In the first of several expected moves into the wireless arena, the Wall Street Journal has launched an edition of its content site for wireless phones. Other editions, including one for the RIM Blackberry, are forthcoming, the company said.
“The Wall Street Journal Mobile,” which will be available for a $3.99 monthly subscription fee, was created in partnership with wireless application player Summus. Summus is handling carrier distribution and has so far lined up Sprint PCS and Verizon Wireless, but more partnerships are expected to follow. Carriers will handle the billing and make the application available in their download library. It’s available on both the BREW and Java 2 Micro Edition (J2ME) platforms.
Summus creates custom applications for clients, many of which are content providers. Previous projects have had it partnering with Sports Illustrated to release a “Swimsuit Edition” wallpaper download and with Fujifilm to release an application called Get the Picture Mobile.
“It’s a fairly low-risk prospect for us,” said Jessica Perry, vice president of business development, consumer electronic publishing for Dow Jones, explaining that the company simply provided the content. “There are a lot of competing standards for mobile information standards. We wanted to find an experienced technology partner that was familiar with those standards so the investment would be minimal for us.”
The Wall Street Journal Mobile edition will carry business and financial news from the Online Journal along with market information. Users can also input information about their portfolios to get data on their investments.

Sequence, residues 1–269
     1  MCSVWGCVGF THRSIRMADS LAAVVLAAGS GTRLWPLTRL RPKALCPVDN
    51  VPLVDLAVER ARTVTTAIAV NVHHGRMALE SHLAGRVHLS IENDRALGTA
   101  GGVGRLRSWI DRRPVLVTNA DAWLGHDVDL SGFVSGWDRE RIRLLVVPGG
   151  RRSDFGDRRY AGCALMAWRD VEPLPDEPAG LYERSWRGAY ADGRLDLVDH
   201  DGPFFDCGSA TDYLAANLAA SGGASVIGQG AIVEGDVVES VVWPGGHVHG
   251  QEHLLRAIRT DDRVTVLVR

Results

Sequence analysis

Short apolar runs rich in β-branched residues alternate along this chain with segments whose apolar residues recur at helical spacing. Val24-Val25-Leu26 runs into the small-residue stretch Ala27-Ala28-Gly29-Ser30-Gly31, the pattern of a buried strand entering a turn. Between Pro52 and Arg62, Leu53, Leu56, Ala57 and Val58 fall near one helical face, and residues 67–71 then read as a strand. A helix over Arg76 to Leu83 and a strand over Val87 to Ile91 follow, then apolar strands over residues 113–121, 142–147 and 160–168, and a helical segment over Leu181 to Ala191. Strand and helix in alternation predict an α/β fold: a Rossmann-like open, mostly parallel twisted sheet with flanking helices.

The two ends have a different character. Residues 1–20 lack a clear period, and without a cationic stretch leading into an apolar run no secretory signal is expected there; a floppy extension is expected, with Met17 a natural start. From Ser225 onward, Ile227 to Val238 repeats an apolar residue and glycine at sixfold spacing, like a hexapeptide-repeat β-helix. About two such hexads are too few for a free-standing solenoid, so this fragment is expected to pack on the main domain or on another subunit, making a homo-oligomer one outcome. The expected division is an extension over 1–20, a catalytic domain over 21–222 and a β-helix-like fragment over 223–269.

Though the Wall Street Journal boasts paying subscribers for both its print edition and its online edition, those people won’t get free access or a discounted rate for the new service. Perry said it wasn’t technologically possible to unify its own and carriers’ databases, and the nature of the partnership with Summus would make it too complicated to offer such discounts.
“Right now physically it’s not possible to do,” said Perry. “We look at it as similar to someone who might buy a newsstand copy of the Wall Street Journal when they’re out, even though they’re getting it delivered at home. We see separate value in getting the content delivered via a different device and different platform.”
There won’t be advertising on the mobile edition initially, but Perry isn’t ruling it out.
“That’s something we might explore in the future, but not initially,” she said. “Advertising is all about scale and we don’t have that to offer advertisers yet. Because it’s a downloadable application there might be some interesting things we can do.”
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